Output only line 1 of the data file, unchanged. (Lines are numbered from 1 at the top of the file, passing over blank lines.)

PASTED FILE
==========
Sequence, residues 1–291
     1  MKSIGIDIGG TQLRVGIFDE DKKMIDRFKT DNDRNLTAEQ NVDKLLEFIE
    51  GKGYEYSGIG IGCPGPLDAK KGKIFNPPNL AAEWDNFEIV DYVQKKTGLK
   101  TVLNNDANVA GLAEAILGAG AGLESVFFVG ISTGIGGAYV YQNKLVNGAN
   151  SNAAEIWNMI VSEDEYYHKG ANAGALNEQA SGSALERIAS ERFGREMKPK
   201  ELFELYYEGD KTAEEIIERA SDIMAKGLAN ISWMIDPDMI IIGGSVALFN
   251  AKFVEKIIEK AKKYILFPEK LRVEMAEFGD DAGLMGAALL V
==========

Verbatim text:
Sequence, residues 1–291